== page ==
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  Louisville Man Pleads Guilty to Possessing Child Pornography

States News Service
February 2, 2009

The following information was released by the United States Attorney's Office for the Western District of Kentucky:

Ronald Borman, age 61, of Taylorsville, Kentucky, in Spencer County, pled guilty to a single count of possessing child pornography, Acting United States Attorney Candace G. Hill of the Western District of Kentucky announced today. Borman entered the plea before United States District Judge Charles R. Simpson, III. Judge Simpson scheduled Borman's sentencing hearing for April 27, 2009, at 1:30 p.m., in Louisville, Kentucky.

Borman pled guilty pursuant to a written Plea Agreement. In the agreement, he admitted that on October 11, 2006, law enforcement officials arrested Borman on an arrest warrant issued from Florida. When asked for consent to search his apartment - located in Louisville, Kentucky - Borman agreed. During the search of the apartment several items of pornography were found, including items referencing children. Law enforcement officials seized a computer, webcam, and additional computer equipment.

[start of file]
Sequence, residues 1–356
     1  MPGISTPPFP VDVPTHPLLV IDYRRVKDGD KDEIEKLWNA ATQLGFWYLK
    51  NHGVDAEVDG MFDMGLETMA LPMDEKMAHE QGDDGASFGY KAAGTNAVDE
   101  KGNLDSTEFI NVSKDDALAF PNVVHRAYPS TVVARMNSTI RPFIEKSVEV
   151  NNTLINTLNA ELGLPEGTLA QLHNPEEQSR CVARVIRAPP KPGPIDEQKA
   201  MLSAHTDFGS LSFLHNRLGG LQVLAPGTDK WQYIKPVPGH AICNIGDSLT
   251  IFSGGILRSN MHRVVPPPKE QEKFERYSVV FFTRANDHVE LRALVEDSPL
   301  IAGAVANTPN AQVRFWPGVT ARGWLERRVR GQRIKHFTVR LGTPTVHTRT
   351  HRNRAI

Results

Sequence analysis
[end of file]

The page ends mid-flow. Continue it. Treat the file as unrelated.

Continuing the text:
Law enforcement submitted the computer evidence for examination at the Kentucky Regional Computer Forensic Laboratory. The examination revealed 304 still images and 24 movie files containing child pornography. The examination also revealed 31 e-mail messages that contained images of child pornography as attachments. All of the messages containing child pornography were sent to Borman from the same person. At all times relevant to the conduct charged in the Indictment, Borman acted while in Jefferson County, Kentucky.

Borman faces maximum prison term of 10 year. Other potential penalties include a $250,000.00 fine and supervised release of at least five years and could include life.

Assistant United States Attorney Jo E. Lawless is prosecuting the case. The Louisville Metro Police Department in close association with the Clearwater (Florida) Police Department conducted the investigation. The Kentucky Regional Computer Forensic Laboratory (RCFL), conducted the computer forensic examination of Borman's computer.

This case was brought as part of Project Safe Childhood, a nationwide initiative designed to protect children from online exploitation and abuse. Led by the United States Attorney's Offices, Project Safe Childhood marshals federal, state and local resources to better locate, apprehend, and prosecute individuals who exploit children via the Internet, as well as identify and rescue victims. For more information about Project Safe Childhood, please visit www.projectsafechildhood.gov.

 
 

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